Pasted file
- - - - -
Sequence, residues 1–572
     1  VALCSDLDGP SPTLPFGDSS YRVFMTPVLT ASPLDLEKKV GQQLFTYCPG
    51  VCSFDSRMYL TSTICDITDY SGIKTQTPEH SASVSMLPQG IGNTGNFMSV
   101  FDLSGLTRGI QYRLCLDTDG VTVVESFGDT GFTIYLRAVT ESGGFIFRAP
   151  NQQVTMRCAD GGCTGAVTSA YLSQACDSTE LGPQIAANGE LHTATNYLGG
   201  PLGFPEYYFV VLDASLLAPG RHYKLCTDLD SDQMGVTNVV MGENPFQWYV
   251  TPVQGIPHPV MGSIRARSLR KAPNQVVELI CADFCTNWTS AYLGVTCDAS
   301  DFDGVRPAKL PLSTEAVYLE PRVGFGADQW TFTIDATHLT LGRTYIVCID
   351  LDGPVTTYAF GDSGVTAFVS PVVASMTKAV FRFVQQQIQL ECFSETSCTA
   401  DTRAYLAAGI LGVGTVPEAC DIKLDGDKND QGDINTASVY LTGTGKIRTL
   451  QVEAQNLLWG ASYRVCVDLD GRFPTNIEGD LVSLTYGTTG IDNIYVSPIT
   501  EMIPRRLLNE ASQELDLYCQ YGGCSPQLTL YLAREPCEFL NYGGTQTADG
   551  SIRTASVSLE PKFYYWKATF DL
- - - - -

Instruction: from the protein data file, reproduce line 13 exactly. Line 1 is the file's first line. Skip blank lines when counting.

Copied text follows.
   551  SIRTASVSLE PKFYYWKATF DL